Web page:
Scotland Had A Real Sea Monster 170 Million Years Ago

Scotland Had A Real Sea Monster 170 Million Years Ago

Cryptozoologists may bicker about the existence of the Loch Ness Monster, but 170 million years ago, the area that's now Scotland had a different sort of beast. In September 2016, researchers unveiled the fossil of the Storr Lochs Monster, a type of ocean-dwelling ichthyosaur that would grow to 13 feet (4 meters) in length. It had a long, pointed head filled with hundreds of cone-shaped teeth that scientists believe it used to dine on fish and squid. The most complete skeleton of a marine reptile from the Middle Jurassic—sometimes known as the Age of the Dinosaurs—this particular fossil was discovered in 1966 by Norrie Gillies, a power station manager who found it on a beach near the facility. Despite this early discovery, it wasn't until 2016 that the National Museums Scotland and the University of Edinburgh were able to combine their expertise and take a more complete look at the fossil. Learn more about the Storr Lochs Monster and the world of fossils with the videos below.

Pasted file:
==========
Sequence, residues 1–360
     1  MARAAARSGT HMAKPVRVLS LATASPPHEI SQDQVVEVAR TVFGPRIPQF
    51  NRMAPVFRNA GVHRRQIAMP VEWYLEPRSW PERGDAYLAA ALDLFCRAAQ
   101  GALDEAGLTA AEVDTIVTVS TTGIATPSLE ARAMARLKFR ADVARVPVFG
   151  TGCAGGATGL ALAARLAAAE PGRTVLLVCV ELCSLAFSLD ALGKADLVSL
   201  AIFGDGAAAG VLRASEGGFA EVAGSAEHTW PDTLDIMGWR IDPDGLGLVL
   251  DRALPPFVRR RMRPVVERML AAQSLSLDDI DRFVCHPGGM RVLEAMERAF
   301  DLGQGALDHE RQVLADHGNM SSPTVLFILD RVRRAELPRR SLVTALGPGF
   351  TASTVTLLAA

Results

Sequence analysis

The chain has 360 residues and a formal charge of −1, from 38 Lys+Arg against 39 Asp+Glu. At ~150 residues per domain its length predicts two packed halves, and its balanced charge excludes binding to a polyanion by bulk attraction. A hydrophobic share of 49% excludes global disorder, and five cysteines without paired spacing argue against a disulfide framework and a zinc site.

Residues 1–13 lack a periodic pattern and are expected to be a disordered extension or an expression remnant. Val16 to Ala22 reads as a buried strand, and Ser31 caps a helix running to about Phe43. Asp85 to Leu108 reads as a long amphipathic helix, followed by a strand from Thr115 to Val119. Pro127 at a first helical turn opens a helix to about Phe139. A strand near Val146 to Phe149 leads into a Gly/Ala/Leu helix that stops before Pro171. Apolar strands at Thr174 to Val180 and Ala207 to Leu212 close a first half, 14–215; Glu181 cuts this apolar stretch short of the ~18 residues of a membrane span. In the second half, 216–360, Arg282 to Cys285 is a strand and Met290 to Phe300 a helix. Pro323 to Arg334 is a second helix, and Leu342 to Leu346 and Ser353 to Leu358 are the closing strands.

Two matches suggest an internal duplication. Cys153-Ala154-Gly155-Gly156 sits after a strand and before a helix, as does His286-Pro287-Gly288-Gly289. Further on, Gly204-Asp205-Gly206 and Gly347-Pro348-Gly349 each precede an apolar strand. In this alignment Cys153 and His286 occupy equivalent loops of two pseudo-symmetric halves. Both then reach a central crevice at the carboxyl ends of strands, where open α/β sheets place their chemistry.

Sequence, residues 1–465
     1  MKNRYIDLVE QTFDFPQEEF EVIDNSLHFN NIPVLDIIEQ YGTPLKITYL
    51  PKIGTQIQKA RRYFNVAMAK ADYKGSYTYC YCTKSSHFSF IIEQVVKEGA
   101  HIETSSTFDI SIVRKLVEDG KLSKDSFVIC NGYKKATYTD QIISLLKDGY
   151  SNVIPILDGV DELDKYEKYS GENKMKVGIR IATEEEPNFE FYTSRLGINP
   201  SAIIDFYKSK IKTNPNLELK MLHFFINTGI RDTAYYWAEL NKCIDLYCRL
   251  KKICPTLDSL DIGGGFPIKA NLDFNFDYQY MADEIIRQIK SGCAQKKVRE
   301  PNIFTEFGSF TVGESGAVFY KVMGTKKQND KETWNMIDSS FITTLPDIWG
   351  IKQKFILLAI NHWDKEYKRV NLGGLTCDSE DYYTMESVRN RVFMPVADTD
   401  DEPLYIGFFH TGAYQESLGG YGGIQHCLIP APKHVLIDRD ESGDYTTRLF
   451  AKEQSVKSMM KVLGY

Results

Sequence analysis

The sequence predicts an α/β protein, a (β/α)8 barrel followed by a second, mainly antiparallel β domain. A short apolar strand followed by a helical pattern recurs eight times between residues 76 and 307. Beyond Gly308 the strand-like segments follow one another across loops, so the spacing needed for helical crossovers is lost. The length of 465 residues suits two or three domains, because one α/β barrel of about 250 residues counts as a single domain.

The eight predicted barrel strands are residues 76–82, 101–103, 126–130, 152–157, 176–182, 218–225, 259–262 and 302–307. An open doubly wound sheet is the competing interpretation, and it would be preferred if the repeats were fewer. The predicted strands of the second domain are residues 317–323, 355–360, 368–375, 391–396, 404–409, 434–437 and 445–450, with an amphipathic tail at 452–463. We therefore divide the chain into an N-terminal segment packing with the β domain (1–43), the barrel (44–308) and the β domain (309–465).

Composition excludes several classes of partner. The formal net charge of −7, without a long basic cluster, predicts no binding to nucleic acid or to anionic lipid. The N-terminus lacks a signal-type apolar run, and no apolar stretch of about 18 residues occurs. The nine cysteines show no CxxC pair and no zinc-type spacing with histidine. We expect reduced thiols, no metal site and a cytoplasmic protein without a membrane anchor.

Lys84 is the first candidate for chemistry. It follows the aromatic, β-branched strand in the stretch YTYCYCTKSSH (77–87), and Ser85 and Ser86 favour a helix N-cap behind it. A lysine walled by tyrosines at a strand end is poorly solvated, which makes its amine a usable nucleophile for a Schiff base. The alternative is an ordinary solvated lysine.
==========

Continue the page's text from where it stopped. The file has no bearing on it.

Fossil Of The Storr Lochs Monster Unveiled

Discover Scotland's real ocean-dwelling monster.

How A Farmer Found A Kronosaurus Fossil

Hear about another sea monster find, this time in Australia.

The Mystery Of The Tully Monster

Find out how scientists uncovered the origins of this mysterious marine fossil.

07:28

The Story Of The World's Favorite Fossil

Hear about the life and times of Orthoceras.

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Science

Seas

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